ANN ARBOR, Mich. -
"Quite a few of the doctors said that he had a good chance of not leaving the hospital alive," said April Gionfriddo.
Gionfriddo's son, Kaiba, was born with a life-threatening condition that his doctors in Ohio weren't able to treat. He was referred to Pediatric ENT Dr. Glenn Green of C.S. Mott Children's Hospital in Michigan.
"This was the most severe case of tracheobronchomalacia that I had seen in my career," said Green.
Kaiba's birth defect prevents the walls of the airways from staying open, causing him to turn blue and stop breathing.
"This child, how he was, he cannot go on like that and we have to do something to make a difference," said Green.
They researched a first of its kind solution, never used in a human. Using CT scans, a three-dimensional model of Kaiba's airway was created.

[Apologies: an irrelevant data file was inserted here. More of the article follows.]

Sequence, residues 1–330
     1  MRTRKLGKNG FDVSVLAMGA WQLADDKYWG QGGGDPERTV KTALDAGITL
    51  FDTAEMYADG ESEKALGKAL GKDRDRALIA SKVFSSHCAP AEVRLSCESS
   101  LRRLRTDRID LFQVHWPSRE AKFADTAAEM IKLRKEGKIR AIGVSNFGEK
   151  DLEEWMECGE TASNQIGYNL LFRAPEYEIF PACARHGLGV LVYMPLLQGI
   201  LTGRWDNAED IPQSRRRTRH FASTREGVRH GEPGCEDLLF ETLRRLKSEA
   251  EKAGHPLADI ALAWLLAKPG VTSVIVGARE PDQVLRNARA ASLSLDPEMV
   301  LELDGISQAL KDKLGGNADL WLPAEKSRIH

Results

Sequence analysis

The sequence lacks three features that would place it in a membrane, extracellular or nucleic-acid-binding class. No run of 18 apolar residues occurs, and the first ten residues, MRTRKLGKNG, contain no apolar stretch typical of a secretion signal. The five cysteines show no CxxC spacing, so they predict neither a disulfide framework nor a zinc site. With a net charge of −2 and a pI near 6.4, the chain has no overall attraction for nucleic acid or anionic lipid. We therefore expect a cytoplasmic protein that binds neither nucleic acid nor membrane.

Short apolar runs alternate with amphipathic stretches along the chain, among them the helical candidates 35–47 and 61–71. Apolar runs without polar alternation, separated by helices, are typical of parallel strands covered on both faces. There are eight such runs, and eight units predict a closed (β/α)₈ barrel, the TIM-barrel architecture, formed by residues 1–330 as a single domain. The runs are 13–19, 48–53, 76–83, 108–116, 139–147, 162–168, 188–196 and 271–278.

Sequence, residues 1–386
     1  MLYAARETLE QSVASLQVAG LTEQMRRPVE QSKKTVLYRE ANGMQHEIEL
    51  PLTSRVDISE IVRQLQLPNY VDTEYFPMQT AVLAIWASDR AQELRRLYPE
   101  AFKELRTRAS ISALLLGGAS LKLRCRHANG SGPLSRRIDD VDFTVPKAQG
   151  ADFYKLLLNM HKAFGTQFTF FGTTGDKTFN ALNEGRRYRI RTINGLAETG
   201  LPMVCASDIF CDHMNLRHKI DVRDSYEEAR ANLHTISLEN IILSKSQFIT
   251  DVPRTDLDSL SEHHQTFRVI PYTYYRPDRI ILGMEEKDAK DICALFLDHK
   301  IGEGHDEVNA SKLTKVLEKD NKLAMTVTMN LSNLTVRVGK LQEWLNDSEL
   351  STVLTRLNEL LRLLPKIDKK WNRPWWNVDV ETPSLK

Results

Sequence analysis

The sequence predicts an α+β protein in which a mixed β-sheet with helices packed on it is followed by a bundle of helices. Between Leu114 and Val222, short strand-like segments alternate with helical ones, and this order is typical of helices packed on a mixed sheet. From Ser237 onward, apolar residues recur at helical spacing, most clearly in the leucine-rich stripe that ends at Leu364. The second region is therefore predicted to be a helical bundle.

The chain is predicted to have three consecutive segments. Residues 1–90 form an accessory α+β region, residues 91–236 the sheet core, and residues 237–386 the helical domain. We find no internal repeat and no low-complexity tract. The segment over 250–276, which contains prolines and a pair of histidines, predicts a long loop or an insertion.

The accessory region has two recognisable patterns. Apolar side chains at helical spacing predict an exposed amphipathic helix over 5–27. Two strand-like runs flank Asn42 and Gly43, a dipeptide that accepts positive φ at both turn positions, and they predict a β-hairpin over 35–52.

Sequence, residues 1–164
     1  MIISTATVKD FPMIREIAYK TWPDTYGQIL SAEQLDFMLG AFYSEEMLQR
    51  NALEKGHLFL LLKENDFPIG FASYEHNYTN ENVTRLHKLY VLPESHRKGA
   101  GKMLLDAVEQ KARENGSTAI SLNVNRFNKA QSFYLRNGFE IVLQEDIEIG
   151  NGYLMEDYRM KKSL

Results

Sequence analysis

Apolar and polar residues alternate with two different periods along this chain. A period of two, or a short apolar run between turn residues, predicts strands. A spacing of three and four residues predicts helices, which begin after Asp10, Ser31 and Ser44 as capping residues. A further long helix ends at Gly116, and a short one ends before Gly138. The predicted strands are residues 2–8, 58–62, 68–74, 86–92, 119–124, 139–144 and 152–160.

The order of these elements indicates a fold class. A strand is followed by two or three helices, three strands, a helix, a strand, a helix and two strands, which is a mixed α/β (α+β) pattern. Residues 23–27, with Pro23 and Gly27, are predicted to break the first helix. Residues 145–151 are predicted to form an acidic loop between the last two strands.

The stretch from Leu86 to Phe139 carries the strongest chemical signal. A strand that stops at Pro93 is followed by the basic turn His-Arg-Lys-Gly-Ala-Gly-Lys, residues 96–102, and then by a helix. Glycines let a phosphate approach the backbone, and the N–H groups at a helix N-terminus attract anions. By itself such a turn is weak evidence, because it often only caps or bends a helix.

"And on that model, we actually can design the device," said Green.
The printer then prints one thin layer at a time until the structure is created, a nose in this case.
"We were able to make a splint that would fit perfectly with his airway," said Green.
It had never been done before, so emergency FDA approval was necessary, then Green went to surgery.
"When we put the splint on and sutured the bronchus up to the trachea, immediately the lungs started moving and then there was a cheer from the operating room staff, and we knew he'd be OK," Green said.
"It means the world to me, just knowing that something actually worked and was able to save our son's life," said Gionfriddo.
The potential is unimaginable, from reconstructive surgeries for trauma or cancer patients, to one day building organs with human cells fused and grown into the printer structure.
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